Similarly, the prevalence doubling period for Iran, North Africa and the Middle East, and India is much shorter than that reported in the Western world during 20 to 25 years [28, 29]. By contrast, it appears like we will not see Southeast Asia, East Asia, and High‐income Asia‐Pacific doubling in prevalence by 2035. In other words, the number of cases in these areas will not reach 235 thousand cases, around 6 million cases and 209 thousand cases, respectively. Hence, countries or regions of Asia are not homogeneous in terms of the epidemiological evolution of the disease. Apart from the capacity of the disease diagnostic system and the extent of access to healthcare, the obvious explanation may be related to the particular lifestyles of the inhabitants of those regions, i.e., the set of habits, relationships and beliefs [1]. The Asia–Pacific Crohn's and Colitis Epidemiology Study ( is a good effort to address such differences and help understand IBD epidemiology. However, more multinational and multi-center studies seem necessary to explain the evolution of IBD in Asia more precisely.

In this milieu, there will be discrepancies in periodizing potential needs of the health system for disease management, which is beyond the scope of this article. However, in order to improve the management of IBD in Asian societies, and respond to this emergent epidemic, we need to tackle the issue from two perspectives, curbing the future incidence and provide affordable care for the future. From this standpoint, in the following lines, we attempt to clarify the strategies required by policymakers to provide an optimal platform for this adoption. We tried to provide a general concept with an emphasis on lifestyle theme. In this respect, Ashwin et al. [1] have made important efforts in their recent research. The researchers in this report, discussing multiple and established factors such as smoking, childbirth type, antibiotic usage, air quality and urban life in the development of IBD, made some general recommendations. Although the contribution of these variables to the evolution of IBD is small, virtually all of them are tied to a healthier lifestyle. On the other hand, in light of the epidemiological transition theory, preserving conventional dietary and behavioral patterns, i.e., locally appropriate inclusion of urbanized and westernized lifestyle is crucial to curb this emerged epidemic, because IBD is one of the modern lifestyle diseases. In 2016, modern lifestyle-related diseases were responsible for around 71% of all deaths [30]. In particular, sustainable development is a more rational alternative for globalization and/or modernization [31], where globalization and indices of sustainable development are interdependent [32]. We have sought to practice our workaround within the context of the Sustainable Development Goals (SDGs) [30]. However, it is unlikely to accomplish these goals without taking into consideration the underlying characteristics of nations, populations, and communities. Therefore, we suggest that policymakers design accurate and step-by-step field studies, attempt to include the imminent direction of modernity at the core of their culture to take cost-effective interventions. However, it should be remembered that these investigations are time intensive and expensive.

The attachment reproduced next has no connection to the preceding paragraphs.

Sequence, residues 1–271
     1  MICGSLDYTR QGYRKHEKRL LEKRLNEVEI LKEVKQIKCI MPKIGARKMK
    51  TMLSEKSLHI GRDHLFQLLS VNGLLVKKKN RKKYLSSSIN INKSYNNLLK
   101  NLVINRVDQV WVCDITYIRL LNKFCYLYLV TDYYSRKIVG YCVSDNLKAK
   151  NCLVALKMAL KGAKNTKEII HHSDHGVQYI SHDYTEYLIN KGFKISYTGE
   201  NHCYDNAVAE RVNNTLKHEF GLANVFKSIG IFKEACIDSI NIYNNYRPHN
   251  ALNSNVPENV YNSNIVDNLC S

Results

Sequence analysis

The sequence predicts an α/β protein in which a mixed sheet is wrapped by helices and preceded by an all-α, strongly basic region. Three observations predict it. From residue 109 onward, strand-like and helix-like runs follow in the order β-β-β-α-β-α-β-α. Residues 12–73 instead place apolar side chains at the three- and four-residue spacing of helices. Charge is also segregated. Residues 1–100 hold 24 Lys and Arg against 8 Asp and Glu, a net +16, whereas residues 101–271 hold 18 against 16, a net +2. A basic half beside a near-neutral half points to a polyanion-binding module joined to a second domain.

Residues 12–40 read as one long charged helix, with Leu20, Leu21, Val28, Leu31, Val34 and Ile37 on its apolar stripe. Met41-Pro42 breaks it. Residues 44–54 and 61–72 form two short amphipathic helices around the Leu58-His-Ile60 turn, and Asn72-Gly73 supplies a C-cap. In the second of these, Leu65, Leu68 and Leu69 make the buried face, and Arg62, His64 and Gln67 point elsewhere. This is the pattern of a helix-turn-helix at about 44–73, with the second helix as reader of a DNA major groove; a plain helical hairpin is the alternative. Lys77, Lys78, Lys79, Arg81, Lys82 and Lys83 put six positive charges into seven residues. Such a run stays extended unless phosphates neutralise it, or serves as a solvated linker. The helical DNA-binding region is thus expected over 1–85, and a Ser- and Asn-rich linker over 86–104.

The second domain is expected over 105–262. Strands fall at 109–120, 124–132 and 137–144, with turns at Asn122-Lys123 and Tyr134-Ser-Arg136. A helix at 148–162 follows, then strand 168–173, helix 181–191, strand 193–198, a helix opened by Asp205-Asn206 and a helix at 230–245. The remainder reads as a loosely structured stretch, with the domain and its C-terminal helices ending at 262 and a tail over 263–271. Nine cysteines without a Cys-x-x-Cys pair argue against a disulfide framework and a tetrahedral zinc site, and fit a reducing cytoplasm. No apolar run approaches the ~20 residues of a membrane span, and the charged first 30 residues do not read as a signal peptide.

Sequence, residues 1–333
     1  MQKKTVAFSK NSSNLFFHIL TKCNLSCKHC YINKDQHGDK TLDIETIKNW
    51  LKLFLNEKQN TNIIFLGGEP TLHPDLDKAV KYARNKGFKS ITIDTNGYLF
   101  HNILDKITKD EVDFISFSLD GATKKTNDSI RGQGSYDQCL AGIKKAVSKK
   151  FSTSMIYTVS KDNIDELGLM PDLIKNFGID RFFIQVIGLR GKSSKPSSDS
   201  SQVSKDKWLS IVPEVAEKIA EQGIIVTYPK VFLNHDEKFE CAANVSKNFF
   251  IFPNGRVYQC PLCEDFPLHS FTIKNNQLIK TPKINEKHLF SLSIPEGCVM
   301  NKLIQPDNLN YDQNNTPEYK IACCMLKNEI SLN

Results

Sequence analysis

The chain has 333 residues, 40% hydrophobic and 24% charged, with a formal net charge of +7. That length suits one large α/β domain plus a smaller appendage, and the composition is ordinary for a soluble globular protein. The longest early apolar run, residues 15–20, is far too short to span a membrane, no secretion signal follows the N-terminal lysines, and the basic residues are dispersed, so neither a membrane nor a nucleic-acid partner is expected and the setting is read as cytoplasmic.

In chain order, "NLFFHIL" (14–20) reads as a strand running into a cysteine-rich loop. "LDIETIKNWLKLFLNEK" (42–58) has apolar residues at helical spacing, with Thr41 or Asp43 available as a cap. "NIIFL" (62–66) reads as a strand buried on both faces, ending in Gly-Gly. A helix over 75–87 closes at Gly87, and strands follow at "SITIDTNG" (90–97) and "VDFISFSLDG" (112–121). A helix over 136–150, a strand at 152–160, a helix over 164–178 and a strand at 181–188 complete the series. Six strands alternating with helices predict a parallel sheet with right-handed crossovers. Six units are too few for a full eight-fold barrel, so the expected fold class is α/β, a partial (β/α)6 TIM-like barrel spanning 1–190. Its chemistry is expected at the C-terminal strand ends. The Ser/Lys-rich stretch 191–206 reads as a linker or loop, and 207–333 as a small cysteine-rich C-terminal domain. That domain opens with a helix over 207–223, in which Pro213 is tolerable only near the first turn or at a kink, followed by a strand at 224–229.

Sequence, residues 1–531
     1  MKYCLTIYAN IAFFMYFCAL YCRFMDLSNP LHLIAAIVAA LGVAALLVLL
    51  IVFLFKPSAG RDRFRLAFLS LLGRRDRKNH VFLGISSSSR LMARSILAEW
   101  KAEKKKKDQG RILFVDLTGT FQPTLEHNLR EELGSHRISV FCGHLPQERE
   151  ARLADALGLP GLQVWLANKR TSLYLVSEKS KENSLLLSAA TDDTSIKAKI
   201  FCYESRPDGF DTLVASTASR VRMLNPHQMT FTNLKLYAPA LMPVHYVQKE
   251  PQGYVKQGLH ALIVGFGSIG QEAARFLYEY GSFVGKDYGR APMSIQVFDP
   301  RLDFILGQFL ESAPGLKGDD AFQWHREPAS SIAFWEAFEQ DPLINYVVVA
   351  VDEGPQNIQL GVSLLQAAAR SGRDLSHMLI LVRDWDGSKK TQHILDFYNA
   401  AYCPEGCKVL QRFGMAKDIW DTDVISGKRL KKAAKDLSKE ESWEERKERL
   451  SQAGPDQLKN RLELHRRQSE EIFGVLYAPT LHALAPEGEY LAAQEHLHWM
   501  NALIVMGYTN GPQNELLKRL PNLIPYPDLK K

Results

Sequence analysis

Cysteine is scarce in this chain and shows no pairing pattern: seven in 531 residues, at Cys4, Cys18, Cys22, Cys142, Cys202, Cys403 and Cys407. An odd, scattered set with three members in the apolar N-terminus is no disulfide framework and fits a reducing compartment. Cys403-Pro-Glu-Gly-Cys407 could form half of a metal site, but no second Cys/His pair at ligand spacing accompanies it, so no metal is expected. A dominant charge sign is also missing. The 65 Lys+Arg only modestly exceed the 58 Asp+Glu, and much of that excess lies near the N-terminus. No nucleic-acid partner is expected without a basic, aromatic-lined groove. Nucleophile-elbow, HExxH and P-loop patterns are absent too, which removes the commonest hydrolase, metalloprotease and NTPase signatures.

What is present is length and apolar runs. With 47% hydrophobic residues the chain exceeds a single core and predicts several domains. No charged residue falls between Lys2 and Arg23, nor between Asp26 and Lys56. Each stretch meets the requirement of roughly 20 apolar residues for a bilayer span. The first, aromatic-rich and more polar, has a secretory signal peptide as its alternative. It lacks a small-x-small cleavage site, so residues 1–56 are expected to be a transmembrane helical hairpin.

Inevitably, the prevalence of EBD in Asia will rise despite a decline in incidence. Therefore, to achieve sustainable health care and/or secondary prevention, Asian countries have serious future complications with respect to the number of cases, the provision of diagnostic and treatment facilities, access to health services, the longevity of the patient population, and the change of health care costs to biological agents [1]. Therefore, in general, it can be recommended that health authorities attempt to use more cost-effective interventions and resources.